My husband and I are finally seeing the light at the end of the tunnel with our 100 year old house renovation. With that, we've been told a few different ways to handle the refinishing of our baseboard trim. We first started out with the whole stripping process - Coat the wood, wait, scrape, reapply, and finish with steel wool pads. Next when we made the final decision to have all the baseboards painted, instead of restaining, we were told that we just need to sand the baseboards, prime, and paint. I'll have you know that some of these baseboards have 3 layers of paint, then a layer of stain.


We are unfortunately aware of the huge project we're taking on...We have about 1/3 of them stripped and sanded. Does anyone have any info on refinishing with paint, and the best way to achieve? Any info will be helpful!

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since i save our history, I do not have any laying around lol .  Man I've been so busy sorry for the delay in getting back to you. A Colorado snow day  



The wood in that picture is beautiful! When I stripped all the paint off my newel post the wood was very dry. I rubbed it down with BLO, which turned the wood a redish color. The wood does not look as nice as yours and I realize you did not disturb the patina and added a special blend. My newel post has a lot of dings and a few places a dog chewed. Any suggestions on what I can do to make it nice again? The diamond shape on the newel post is repeated on all the doors as well and it is a much darker color. The same with the square with bullseye on the newel post.

thank you


why do you think your may have disturb the patina?  If you use a deep penetrating old world oil blended finish your patina if left will pop.  


I believe you told me you use Duraseal on your floors, do you use it on stairways and all its components? Duraseal has a lot of beautiful "colors" and I love the old darkish/red/mahogany varnish or shellac that was used back in the day.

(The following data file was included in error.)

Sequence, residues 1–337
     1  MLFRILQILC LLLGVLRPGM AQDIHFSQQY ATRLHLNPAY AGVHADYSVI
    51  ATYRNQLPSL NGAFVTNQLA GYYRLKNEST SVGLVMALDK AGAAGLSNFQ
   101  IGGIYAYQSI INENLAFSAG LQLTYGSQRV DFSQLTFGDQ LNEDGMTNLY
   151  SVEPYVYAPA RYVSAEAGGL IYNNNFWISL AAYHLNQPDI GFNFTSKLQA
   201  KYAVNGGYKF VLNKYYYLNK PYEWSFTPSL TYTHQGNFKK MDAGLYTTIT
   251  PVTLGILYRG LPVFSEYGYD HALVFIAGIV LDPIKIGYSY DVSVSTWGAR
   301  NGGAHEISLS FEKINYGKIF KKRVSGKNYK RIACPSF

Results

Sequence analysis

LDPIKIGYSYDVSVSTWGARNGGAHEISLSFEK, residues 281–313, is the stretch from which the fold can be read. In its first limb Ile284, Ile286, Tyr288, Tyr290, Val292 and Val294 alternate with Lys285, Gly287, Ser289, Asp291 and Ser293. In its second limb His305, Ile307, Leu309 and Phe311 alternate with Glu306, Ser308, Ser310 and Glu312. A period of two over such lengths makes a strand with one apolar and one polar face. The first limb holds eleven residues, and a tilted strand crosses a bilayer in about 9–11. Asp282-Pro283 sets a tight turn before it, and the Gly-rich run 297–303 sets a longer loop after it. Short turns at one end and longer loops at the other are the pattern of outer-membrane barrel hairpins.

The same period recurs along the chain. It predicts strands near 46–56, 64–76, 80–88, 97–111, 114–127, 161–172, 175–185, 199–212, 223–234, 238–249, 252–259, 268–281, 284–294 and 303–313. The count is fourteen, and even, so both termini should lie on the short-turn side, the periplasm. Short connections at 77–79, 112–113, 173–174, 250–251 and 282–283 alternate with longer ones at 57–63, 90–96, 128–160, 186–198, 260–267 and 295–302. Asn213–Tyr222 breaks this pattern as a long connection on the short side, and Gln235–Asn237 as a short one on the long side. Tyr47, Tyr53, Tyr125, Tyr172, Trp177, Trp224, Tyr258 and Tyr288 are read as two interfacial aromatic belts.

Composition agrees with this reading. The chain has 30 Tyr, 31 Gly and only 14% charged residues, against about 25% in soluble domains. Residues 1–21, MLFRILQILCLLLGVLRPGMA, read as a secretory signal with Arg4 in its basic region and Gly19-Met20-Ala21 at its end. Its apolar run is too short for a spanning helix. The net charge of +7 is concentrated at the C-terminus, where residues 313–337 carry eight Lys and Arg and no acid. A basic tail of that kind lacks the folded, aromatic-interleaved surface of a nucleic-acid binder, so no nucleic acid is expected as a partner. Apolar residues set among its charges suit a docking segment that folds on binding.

If the patina is gone, what would you recommend as a "color" to replicate the old charm? If Duraseal is not the choice you recommend for banisters, newel and other components, what  would be best?  

The patina is definitely gone on the stairs and risers. Last time I spoke with you, you instructed me to use a spray bottle filled with mineral spirits and steel wool to get the dark, middle strip of paint off. There was no traces of varnish or shellac or anything under that strip. Very odd, the middle of every riser was like that. And yes, you said it would keep me busy for a

This couldn't be more timely. We wanted to strip all the woodwork in our house and stain it but it is a BIG house and the job was just so overwhelming-not to mention the cost. We had decided to add another coat of paint to it to make it look as close to a wood color as we possibly could make it. It wasn't ideal but we figured we could live with it-until I read this thread. I did a little research on infrared strippers and told my husband about it and we decided to do this. Of course the stripper is a bit expensive and we are not mechanically incline to be able to build our own-but we figured this will be a good investment for our house. We have decided to take our time and do one room at a time. There really isn't a hurry to get it ALL done. And it will be nice to get rid of all the lead paint that is in the house. And once we finish with everything, we can sell the stripper and get some of our money back.


Depending on how serious the infrared stripper is, you'll have to be VERY careful. You can very easily scorch the wood, and I'm also always concerned about embers getting loose and falling in cracks. While it's much slower, a good, old fashioned heat gun also works well. 

Also, depending on what type of paint was used, low VOC chemical strippers can be used. I've had good luck with both Citristrip (less expensive) and Dumond Peel Away (much more expensive, but works well.)


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